Posted in Just Funny, Minimalism, Parenting

Jeep Thrills

Amazon gives it 5 stars.

I know, because I read the reviews. Hundreds of satisfied customers raving about the quality of this toy – the speed, the size, the durability. Important details to know when purchasing a $300 ride-on Fisher-Price Jeep for your favorite 5-year-old.

The biggest perk in all of those reviews, is that not one of them mentioned the phrase “some assembly required”. WHOO HOO!

I say “whoo hoo” because I am not a woman with skillz.  With a world population of 7.125 billion, my mechanical competency ranks near the bottom, only slightly higher than community college philosophy majors.  Seriously. Just getting my lipstick to roll up and down without breaking off is a pretty big deal for me.  

So when this package arrived, it was in a box.  A box.  And not the jumbo kind you might see on The Price is Right where they drop open one side to reveal an assembly-line-fully-manufactured 3-dimensional vehicle, but a FLAT box that could contain, oh say, a chalkboard . I felt a stabbing pain shoot down my left arm.  I consoled myself, “It might not be so bad.  Maybe it’s just a matter of slipping on a couple sets of wheels and popping up the roll-bar. Yeah, I’m sure that’s it.”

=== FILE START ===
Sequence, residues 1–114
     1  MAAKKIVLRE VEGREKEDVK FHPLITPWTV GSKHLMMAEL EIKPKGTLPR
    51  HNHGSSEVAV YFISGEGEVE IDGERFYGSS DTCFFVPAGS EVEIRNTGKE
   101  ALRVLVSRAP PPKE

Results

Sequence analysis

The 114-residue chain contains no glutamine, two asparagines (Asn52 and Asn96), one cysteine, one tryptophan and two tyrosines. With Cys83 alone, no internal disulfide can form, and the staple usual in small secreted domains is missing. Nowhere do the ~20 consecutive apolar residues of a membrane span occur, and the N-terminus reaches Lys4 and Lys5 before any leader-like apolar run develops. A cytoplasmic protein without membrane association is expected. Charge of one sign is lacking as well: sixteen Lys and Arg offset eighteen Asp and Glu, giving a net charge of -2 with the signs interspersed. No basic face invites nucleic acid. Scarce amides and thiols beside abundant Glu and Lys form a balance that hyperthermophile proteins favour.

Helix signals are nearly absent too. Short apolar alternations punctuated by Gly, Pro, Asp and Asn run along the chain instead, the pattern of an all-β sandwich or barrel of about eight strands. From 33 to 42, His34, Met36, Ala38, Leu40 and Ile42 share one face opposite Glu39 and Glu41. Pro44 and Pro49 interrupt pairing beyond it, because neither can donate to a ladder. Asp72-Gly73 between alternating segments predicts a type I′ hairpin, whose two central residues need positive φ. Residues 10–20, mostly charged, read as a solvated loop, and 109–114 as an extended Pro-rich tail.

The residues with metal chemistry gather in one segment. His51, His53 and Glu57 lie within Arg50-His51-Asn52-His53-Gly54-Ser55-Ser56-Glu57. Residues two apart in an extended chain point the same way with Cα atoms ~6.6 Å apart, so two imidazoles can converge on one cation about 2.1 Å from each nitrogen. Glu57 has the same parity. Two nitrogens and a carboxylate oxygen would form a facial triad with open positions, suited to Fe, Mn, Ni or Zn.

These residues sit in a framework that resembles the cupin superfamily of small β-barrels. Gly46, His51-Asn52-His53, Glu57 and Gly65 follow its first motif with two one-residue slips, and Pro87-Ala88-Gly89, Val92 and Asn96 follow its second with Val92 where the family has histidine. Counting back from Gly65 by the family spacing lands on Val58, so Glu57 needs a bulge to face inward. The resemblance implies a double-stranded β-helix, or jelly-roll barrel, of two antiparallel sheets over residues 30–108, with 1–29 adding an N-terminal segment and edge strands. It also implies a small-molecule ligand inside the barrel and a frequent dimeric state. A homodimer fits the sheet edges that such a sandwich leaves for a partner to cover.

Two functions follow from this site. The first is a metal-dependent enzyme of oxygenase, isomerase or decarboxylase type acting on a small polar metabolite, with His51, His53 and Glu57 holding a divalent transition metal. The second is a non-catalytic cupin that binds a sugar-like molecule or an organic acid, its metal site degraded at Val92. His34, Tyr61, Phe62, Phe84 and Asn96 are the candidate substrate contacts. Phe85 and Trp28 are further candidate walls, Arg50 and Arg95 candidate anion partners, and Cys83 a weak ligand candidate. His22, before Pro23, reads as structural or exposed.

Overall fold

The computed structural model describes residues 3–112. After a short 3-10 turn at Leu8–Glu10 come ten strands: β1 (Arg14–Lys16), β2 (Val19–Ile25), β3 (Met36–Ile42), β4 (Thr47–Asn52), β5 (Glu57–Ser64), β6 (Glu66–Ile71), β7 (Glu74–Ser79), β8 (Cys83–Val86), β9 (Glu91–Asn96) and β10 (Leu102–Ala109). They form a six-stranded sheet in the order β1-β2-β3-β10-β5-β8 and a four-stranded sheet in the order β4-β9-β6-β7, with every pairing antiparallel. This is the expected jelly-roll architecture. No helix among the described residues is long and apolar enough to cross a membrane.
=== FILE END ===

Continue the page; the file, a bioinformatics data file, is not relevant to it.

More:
And with that, I drove to my daughter’s house where this little Jeep would find its new home.  She met me at the garage door.  When I opened the back end of the van, 
she mumbled something nondescript and ispygave me that look.
You know… the one that says,

“What have you done, woman???”  
We proceeded to unpack the box. Once we had all 169 parts – please don’t skip over that number – ONE HUNDRED SIXTY-NINE PARTS scattered across the garage floor, it looked like an impossible page from “I Spy Extreme”.

3952b87d8faaba39d9b9d78607b71c4cThe Fisher-Price